You want to select apples that are of a roughly equal ripeness (based on how they look): apples that are unripe are going to make a substantially different noise compared to apples that are ripe. Also consider that some apples that are getting a little older, ones where the skin may even be a bit loose or wizened, may still be very edible indeed, even though they don't make the same high note. (You may notice a difference in clarity of the note they make, though.)

This will take a little experimenting to get the rhythm, but it's not Big Science, so it won't take you long at all. When I am selecting apples at the store, I usually have two or three in hand that have the highest notes, replacing with apples with higher notes as I go, until I get the feeling for what the highest note I'm going to get from that bin is, then I start bagging them. And yes, I get very good apples this way.

Monday, July 17, 2017

Relationship improvements

A couple months ago, The Babe said that she wanted me to change a behavior: whenever she'd say "Do you wanna do X," I'd invariably reply "I don't know." This made her feel devalued and unimportant and we didn't end up doing a lot. She said that she wanted me to instead say "Yes" or "No" but not leave her hanging. Well, that was a clear request and a good one and I understood why she'd feel that way and she was RIGHT; she deserved better... so I have started giving her clear answers, which have almost always been "Yes" as it happens. As a result, we've been doing a TON of things together and having a really good time! I feel invigorated. She does too. We're much more together doing this. I'm sorry I didn't learn this much, much sooner. She also made a request that we talk without technology on for 15 minutes a day at least, which has been very good for similar reasons.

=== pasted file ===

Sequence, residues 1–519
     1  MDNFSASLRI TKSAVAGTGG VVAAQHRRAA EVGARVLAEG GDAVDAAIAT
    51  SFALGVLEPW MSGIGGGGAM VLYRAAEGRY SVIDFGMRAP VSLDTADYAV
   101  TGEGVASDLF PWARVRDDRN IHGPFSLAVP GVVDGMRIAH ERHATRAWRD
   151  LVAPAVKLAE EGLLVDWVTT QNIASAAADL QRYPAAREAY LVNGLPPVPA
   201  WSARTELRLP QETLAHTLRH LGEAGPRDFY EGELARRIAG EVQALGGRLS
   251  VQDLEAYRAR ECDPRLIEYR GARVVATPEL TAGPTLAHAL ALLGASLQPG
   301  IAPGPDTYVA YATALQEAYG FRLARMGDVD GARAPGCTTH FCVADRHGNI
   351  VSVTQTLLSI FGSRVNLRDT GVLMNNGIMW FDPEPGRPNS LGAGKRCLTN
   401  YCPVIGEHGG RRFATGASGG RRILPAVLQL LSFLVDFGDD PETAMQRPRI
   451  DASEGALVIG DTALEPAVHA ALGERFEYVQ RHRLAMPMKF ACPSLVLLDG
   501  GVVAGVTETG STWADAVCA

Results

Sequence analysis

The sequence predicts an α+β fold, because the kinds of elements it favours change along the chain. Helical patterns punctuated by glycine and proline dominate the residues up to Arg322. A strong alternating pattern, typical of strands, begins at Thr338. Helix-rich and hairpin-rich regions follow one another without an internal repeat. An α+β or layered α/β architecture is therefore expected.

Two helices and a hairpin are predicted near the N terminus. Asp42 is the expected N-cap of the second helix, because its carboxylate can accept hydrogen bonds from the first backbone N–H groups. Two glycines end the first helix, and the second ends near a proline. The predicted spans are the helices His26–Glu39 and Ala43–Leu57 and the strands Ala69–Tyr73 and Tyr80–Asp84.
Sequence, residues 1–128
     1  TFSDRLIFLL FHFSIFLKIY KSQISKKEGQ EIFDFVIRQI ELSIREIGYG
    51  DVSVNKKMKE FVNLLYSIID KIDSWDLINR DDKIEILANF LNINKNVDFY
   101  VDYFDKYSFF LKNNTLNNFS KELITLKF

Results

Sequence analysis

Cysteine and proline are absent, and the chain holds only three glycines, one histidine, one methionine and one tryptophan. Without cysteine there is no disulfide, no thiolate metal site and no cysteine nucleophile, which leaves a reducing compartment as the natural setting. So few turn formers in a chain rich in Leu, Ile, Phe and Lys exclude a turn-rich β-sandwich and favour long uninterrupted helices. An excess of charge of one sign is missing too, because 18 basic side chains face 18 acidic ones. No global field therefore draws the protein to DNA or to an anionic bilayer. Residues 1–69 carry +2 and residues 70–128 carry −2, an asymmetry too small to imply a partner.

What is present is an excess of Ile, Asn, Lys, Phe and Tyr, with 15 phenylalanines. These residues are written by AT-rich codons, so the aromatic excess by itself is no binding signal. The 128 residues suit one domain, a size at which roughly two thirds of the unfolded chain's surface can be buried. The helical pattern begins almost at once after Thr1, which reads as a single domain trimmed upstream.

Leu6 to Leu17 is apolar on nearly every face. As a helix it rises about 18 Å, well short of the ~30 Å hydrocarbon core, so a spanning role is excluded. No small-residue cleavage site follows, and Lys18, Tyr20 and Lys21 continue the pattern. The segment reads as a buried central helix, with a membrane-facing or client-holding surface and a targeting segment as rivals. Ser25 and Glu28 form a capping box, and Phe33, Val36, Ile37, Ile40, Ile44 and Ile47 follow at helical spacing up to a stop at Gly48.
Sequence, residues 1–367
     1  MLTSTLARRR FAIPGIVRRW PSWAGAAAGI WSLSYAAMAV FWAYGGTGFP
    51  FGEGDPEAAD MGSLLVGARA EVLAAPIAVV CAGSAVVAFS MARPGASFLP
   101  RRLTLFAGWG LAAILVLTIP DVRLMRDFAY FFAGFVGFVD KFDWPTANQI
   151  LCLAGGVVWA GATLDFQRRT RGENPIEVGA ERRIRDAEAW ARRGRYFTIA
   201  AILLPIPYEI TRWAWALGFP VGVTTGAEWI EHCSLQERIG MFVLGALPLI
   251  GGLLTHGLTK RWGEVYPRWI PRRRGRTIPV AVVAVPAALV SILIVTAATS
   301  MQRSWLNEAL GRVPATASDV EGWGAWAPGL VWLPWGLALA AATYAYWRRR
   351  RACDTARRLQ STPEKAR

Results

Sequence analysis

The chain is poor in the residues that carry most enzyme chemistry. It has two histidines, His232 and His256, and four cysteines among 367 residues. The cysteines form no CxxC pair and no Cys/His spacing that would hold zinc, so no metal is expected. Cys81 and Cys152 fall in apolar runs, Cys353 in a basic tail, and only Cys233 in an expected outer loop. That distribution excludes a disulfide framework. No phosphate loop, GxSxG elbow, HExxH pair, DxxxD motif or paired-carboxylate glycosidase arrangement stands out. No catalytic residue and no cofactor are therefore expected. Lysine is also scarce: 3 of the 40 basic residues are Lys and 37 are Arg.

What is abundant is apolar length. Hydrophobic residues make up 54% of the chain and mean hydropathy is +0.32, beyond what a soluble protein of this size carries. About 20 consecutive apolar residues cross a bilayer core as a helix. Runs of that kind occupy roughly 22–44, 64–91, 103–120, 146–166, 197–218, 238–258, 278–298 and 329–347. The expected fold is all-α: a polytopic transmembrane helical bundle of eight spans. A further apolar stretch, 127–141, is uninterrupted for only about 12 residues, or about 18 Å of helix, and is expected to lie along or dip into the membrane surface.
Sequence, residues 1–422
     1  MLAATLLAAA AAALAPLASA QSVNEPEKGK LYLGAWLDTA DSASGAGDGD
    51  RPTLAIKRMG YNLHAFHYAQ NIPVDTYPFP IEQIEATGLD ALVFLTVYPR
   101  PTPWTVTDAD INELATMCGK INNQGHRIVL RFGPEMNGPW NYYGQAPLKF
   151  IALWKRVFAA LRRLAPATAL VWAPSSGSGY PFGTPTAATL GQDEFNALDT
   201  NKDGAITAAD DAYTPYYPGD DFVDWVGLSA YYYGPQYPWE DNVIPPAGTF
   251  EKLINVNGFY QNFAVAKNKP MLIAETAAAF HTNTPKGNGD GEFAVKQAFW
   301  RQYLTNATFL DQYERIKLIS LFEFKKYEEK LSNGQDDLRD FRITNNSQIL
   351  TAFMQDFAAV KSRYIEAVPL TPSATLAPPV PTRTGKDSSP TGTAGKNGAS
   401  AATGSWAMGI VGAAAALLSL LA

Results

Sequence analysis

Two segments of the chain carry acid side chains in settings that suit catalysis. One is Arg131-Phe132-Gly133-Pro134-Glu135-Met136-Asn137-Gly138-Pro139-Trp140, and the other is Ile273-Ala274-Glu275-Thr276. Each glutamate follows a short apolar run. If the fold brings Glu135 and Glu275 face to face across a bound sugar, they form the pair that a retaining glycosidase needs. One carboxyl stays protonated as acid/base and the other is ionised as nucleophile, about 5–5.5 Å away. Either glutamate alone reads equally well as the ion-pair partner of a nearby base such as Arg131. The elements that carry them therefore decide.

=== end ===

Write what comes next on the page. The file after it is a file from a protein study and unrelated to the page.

Tuesday, July 11, 2017

How I acquired Sanchez the cat

From 2011 to early 2014, I was living during the week in an apartment in Beaverton, OR, working a contract. Sanchez--known then to one and all simply as "El Gato Negro"--was a large black cat who lived in the apartment complex. His owners had been there for a number of years but for some reason one of the flatmates didn't like cats, so they left him outside. They fed him, but he lived outside.

El Gato Negro made the rounds of the apartments and maybe as many as half a dozen apartments left out food for him. I understand that when he felt he wasn't getting enough, he'd hunt (successfully) ducklings and goslings in the creek behind the apartment. When I met him, he was friendly and let me pet him and pick him up. He was actually a little scrawny at that point and his fur was a little dull, but he was very active and in good health.